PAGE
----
What does Budget 2018 mean for rural and agricultural businesses?


The annual investment allowance (AIA) which allows businesses to claim 100 per cent tax relief on qualifying capital expenditure is being increased from its permanent rate of £200,000 to £1m from 1 January 2019 for a period of two years. This could be a valuable relief for farmers and contractors where they are embarking on capital projects such as investment in expensive machinery or renewables projects.

The Chancellor also announced that the Government would introduce a new structures and buildings allowance for non-residential structures, which will entitle business owners to relief at a flat rate of 2 per cent for any new infrastructure.

The costs associated with the construction of structures and buildings, or the improvement or conversion of existing structures and buildings are already depreciated in the accounts of many businesses. However, no tax relief has been available in relation to such expenditure since the abolition of the previous industrial and agricultural buildings allowances. This could prove interesting to the rural community. 

To fund this additional allowance, writing down allowances available on items allocated to the special rate pool (for example property fixtures and fittings) will be reduced from 8 per cent to 6 per cent. It is even more important to obtain specialist advice in order to allocate items to the right category and therefore to maximise your relief.

National minimum wage

The Chancellor has announced that from April 2019 the National Living Wage for over 25’s will rise to £8.21/hour, a bigger rise than many were expecting. The national minimum wage has also increased to £7.70 for 21-24 year olds; £6.15 for 18-20 year olds; £4.35 for 16-17 year olds; and £3.90 for apprentices. This could be a tough cost to absorb for some rural businesses who are already suffering with the impact of Brexit in finding workers.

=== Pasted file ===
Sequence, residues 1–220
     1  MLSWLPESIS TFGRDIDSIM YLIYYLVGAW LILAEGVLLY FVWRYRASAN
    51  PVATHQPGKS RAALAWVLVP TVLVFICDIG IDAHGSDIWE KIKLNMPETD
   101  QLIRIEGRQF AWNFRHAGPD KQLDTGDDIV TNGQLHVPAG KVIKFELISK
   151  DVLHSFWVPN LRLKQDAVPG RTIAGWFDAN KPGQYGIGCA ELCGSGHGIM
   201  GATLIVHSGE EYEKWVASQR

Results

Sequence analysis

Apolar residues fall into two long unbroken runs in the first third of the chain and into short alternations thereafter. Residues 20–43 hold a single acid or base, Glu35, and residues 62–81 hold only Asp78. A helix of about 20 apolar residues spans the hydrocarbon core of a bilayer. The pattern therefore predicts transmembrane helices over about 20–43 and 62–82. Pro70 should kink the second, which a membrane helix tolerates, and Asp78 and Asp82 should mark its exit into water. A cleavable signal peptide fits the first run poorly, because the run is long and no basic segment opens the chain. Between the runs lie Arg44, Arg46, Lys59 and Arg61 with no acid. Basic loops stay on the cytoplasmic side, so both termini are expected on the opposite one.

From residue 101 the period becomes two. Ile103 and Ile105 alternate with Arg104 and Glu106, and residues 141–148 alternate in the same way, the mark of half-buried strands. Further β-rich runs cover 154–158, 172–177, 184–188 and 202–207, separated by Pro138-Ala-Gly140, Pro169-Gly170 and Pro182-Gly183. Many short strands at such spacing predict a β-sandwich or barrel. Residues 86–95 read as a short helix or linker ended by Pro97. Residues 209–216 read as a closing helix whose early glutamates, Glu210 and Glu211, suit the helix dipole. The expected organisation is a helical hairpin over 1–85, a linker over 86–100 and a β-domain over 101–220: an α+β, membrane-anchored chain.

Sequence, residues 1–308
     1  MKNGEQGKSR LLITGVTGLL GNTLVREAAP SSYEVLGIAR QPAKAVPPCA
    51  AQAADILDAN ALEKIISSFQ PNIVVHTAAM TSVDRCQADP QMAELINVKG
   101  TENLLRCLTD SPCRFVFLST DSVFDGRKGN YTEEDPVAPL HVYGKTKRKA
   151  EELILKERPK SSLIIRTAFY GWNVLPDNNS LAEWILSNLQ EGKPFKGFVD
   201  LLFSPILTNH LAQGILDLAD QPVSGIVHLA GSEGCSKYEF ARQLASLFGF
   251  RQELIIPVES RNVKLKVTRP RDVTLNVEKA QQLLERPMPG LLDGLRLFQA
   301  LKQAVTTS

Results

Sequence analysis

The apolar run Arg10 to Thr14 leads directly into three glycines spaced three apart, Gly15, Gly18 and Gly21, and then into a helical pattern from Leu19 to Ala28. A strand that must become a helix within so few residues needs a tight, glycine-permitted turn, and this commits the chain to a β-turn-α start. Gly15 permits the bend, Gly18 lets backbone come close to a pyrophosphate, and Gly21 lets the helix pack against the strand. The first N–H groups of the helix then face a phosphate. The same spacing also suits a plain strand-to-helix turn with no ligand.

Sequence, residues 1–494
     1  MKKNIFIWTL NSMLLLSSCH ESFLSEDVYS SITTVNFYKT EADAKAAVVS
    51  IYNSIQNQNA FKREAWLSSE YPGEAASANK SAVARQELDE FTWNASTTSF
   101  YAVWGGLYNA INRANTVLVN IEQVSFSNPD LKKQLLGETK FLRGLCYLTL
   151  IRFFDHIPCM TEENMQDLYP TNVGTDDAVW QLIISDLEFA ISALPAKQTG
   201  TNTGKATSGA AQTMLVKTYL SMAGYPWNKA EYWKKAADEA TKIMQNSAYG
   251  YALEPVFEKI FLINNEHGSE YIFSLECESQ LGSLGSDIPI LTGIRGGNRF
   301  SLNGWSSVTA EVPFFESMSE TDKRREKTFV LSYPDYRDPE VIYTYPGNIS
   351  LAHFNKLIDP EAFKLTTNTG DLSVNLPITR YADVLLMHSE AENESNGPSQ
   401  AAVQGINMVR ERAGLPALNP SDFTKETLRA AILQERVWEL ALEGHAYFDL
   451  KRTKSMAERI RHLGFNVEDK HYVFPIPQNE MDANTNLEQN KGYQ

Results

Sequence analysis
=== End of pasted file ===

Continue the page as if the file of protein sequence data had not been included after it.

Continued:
Apprenticeship levy

The employer apprenticeship contributions have been reduced from 10 to 5 per cent for small businesses, which could help absorb the increase in national minimum wage. It is really important that rural businesses claim what they are entitled to.

Entrepreneurs relief

Entrepreneurs' relief (ER) allows individuals selling qualifying business assets to benefit from a 10 per cent tax rate of capital gains tax if certain qualifying conditions are met. From 6 April 2019, individuals will need to meet the qualifying conditions for ER for a minimum of two years (increased from 12 months currently). An early review to plan for this relief is essential as the detailed qualifying conditions can often be overlooked resulting in the loss of this relief.

There have also been changes to the qualifying conditions with effect from 29 October 2018 to introduce two new tests in order to meet the ‘personal company’ criteria for share disposals.

Business Rates

The reduction in business rates for on-farm business properties could result in a cut of one third on their current rates for the next two years.

Principle private residence relief

Principle private residence relief (PPR) exempts any capital gain arising on the sale of an individual’s main residence from capital gains tax. The Budget has introduced two changes restricting the relief. 

Currently, the final 18 months of ownership will always qualify for PPR regardless of what the property was used for during this period. From April 2020 this will be reduced to nine months. As such, owners may want to reconsider the timing of when they move out of a property that has previously been their main residence before sale. This change does not apply to the elderly who have left their home to enter a care home.

The second change is that with effect from 6 April 2020 lettings relief will only be available to those where the homeowner is in shared occupancy with the tenant. 

As usual any changes to your property arrangements needs careful planning in order to maximise your reliefs.